The subject pronouns are:

Singular Plural
First person je (I) nous (we)
Second person tu (you) vous (you)
Third person il (he, it), elle (she, it) ils, elles (they)

Note that Je becomes j’ before a vowel or mute h. For example:

J’habite Douai, j’ai un appartement dans le centre.
I live in Douai. I have an apartment in the town center.

Vous vis-à-vis Tu:
Tu is used when addressing family, close friends, and children, and is a mark of closeness or familiarity. Young people, especially students, increasingly use tu to their peers, whether or not they are in the familiar category.

In other situations, particularly with other acquaintances, strangers, or people who ought to be treated with politeness, vous is generally used. For example:

Tu n’as pas froid, Christine?
Vous n’avez pas froid, madame?
You’re not cold, are you, Christine?
You’re not cold, are you, Madame?

Tu can be used deliberately as a sign of contempt, in situations where normally vous would be expected.

Tu can only be used in singular form, while vous can be singular or plural. For example:

Vous n’avez pas froid, mes enfants?
Vous n’avez pas froid, mesdames?
You’re not cold, are you, children?
You’re not cold, are you, ladies?

Ils vis-à-vis Elles:
Ils is used when referring to masculine nouns in the plural, or to a mixture of masculine and feminine nouns. Elles is used to refer to feminine nouns in the plural. For example:

As-tu vu Brigitte et Paul? Oui, ils sont partis à la piscine.
Have you seen Brigitte and Paul? Yes, they have gone off to the swimming pool.
Mais ils ont oublié leurs serviettes. Elles sont là sur la table.
But they‘ve (referring to Brigitte and Paul) forgotten their towels. They (referring to the towels) are here on the table.

The indefinite pronoun, On:
The subject pronoun on is known as an indefinite pronoun since it is frequently used to make statements about no one in particular.

On peut très facilement faire ce genre d’erreur.
One can very easily make this sort of mistake.

Note that you must not confuse on with un/une to be used as a number. For example:

Un de mes enfants me l’a dit.
One of my children told me.

In French, on is much more widely used than “one” in English. Often, it has no direct correspondence in English, as in these instances:

1. Where a passive form would normally be used in English, by making an indirect object become the subject of a passive construction. This is not possible in French, which therefore uses on as a way of avoiding specifying who did the action. For example:

On m’a recommandé un noveau restaurant japonais.
A new restaurant has been recommended to me.

2. In speech, where it is very commonly used to replace nous. When on is used instead of nous, it is common (though not obligatory) for agreements to be made to match the implied nous. For example:

Alors, ce soir, on va restaurant ou on reste à la maison?
So are we going out to the restaurant this evening, or staying at home?

On est bête, toi et moi, d’avoir peur de manger des choses exotiques.
It is foolish of us to be scared of eating anything exotic.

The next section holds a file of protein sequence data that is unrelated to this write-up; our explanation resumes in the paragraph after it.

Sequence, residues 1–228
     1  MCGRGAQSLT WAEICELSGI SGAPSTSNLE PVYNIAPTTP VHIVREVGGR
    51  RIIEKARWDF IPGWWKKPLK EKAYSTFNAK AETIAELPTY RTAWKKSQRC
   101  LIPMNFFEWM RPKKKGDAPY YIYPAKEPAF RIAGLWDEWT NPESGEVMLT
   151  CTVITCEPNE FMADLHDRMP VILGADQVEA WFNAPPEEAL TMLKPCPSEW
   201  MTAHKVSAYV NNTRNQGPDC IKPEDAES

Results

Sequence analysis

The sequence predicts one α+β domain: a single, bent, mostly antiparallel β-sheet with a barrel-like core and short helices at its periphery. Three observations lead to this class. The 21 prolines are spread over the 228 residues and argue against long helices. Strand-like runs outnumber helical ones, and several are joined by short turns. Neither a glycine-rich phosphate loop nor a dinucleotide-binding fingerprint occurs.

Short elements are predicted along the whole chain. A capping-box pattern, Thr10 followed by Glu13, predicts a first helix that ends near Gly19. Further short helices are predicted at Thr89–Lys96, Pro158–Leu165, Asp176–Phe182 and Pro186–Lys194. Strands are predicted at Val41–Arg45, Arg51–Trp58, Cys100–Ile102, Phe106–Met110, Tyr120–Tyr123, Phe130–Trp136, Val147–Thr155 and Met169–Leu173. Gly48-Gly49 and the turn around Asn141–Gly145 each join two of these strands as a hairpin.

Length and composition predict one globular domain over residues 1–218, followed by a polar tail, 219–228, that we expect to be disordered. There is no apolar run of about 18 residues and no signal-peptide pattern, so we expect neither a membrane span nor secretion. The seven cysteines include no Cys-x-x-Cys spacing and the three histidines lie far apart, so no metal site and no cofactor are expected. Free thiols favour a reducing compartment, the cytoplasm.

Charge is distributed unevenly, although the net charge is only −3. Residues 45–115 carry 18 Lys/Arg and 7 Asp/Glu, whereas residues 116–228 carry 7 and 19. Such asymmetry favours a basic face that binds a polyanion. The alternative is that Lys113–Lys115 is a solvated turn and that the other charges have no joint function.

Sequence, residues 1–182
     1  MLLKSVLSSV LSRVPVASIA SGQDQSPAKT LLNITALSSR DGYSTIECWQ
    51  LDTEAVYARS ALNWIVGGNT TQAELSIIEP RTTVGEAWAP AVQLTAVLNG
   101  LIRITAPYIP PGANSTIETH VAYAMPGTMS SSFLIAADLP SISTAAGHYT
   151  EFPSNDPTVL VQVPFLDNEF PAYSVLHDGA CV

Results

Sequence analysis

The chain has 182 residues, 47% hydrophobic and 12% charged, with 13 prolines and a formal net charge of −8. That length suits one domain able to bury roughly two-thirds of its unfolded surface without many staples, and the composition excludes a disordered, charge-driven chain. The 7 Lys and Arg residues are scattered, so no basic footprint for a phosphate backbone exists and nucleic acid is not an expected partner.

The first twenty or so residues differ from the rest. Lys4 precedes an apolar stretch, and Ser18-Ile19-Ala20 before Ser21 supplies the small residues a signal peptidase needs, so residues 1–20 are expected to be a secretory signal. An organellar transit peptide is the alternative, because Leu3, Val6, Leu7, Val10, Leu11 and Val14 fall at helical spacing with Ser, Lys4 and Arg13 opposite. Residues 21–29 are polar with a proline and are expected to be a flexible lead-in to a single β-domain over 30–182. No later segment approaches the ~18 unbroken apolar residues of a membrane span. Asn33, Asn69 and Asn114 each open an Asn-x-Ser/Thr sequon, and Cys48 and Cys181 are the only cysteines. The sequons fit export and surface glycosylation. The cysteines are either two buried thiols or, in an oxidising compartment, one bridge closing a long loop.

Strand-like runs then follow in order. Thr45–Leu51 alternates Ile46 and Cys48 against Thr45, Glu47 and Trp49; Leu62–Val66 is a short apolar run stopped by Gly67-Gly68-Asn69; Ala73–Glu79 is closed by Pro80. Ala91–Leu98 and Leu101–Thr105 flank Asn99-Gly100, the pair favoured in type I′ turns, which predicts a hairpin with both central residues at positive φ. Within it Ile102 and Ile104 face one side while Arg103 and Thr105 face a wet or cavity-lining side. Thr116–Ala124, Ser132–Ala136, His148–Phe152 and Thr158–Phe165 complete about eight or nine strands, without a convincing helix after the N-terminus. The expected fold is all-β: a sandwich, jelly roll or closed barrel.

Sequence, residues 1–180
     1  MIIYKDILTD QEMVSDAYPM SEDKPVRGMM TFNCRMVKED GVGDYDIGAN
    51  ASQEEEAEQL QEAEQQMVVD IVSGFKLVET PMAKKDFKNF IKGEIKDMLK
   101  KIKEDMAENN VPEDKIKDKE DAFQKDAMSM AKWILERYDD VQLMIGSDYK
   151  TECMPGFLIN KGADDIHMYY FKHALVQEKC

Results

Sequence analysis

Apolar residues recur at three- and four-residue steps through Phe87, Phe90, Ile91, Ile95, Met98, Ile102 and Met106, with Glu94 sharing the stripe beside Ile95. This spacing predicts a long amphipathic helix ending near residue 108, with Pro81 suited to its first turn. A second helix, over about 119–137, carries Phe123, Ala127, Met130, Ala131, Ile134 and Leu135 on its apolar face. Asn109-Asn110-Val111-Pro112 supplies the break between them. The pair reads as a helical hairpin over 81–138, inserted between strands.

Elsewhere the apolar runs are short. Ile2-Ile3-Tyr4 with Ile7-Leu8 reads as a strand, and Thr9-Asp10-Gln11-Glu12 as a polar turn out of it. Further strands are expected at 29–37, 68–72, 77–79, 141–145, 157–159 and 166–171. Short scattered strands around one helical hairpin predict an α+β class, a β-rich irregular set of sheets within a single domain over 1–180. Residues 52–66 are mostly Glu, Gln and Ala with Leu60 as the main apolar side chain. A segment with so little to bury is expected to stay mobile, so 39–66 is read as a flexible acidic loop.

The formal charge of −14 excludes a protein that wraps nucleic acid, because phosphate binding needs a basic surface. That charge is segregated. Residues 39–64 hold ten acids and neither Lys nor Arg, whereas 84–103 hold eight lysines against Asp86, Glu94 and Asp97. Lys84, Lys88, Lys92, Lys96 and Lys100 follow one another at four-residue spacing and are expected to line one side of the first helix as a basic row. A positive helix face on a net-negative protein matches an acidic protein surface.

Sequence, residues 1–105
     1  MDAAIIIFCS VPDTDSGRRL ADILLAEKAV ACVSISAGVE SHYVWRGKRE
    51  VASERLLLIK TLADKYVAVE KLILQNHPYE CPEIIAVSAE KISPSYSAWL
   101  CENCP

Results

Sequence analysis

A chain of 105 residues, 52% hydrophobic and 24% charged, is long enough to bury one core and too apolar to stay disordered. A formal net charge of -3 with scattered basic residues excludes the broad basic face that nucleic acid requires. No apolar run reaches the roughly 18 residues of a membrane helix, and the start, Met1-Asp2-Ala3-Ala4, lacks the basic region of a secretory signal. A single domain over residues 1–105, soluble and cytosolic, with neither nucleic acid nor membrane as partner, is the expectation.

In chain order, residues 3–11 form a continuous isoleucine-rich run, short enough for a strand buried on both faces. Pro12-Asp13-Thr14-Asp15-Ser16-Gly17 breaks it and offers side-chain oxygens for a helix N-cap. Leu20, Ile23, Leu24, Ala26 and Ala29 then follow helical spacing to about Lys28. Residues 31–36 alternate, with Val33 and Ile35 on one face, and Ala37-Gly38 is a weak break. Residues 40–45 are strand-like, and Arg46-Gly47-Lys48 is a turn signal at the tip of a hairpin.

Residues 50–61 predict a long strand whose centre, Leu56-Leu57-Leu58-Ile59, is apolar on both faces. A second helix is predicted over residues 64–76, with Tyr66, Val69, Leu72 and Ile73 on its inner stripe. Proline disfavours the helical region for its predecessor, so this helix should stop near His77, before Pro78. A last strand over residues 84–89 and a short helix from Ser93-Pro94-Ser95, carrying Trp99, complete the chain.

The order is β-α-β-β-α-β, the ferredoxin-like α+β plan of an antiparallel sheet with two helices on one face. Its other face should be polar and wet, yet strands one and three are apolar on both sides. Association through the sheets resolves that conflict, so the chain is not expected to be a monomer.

3. Instead of ils, to convey a generalized “they” (généralité). For example:

On dit que les Japonais mangent plus sainement que nous.
They say the Japanese eat more healthily than we do.

4. Quelqu’un (someone) and n’importe qui (anyone at all) are also used as indefinite forms. For example:

Quelqu’un a sonné il y a cinq minutes.
Someone rang the doorbell five minutes ago.
N’importe qui peut pénétrer dans la maison si tu ne fermes pas la porte.
Anyone can get into the house if you don’t close the door.

Apprendre la langue Française (Part Quatorze) – la pronunciation du français

Source: phonetique.free.fr

There are 37 different sounds in French: 19 vowels (voyelles) and 18 consonants (consonnes). There are also 130 different graphemes, where each of which represents an instance of a particular sound.

19 voyelles

Listen here.

4 voyelles antérieures
[i] lit, stylo, île, maïs, meeting
[é] télé, Parler, nez, pied, messieurs, poignée, volontiers
[è] règle, chienne, merci, jouet, mais, mtre, payer, treize, être, Noël, volley
[a] sac, à, femme

4 voyelles centrales
[u] lune, sûr, eu (avoir au passé composé)
[e] je
[E] feu, noeud, jne
[F] fleur, coeur, club

4 voyelles postérieures
[U] poule , gter, football, août
[o] vélo, landau, bateau, drôle
[O] pomme, album, alcool, capharnaüm

[A] pâte

4 voyelles nasales:
[D] un, parfum
[C] lapin, chien, pain, peinture, daim, imparfait, syndicat, sympa
[B] gant, dent, jambe, empereur, paon, Caen
[I] ballon, ombre, punch

3 semi- voyelles :

[J] pied, crayon, sole il, paille, hne, païen
[V] huit, sueur, suave, ennuyeux
[w] doigt, ouate, wallon, équateur, moelle, ple, crt, asseoir (+ nasale : loin)

18 consonnes

Listen here.

(10 occlusives):
Bilabiales
[p] pile, appartement
[b] bol, abbaye
[m] mur, flamme
Dentales
[t] table, datte
[d] dé, addition
[n] noeud, anniversaire
[G] ligne, manière
Vélaires
[k] cadeau, qualité, képi, accord, orchestre, ticket, coq
[g] gâteau, bague, aggraver, second, ghetto
[N] parking

(6 fricatives):
Labiodentales
[f] flûte, phare, affaire
[v] valise, wagon
Dentales
[s] soleil, poisson, citron, garçon, démocratie, science, asthme, six
[z] maison, zoo, deuxième, blizzard
Palatales
[H] chat, short, schéma, fasciste
[j] jupe, girafe

(2 vibrantes):
[l] lampe, elle
[R] roue, beurre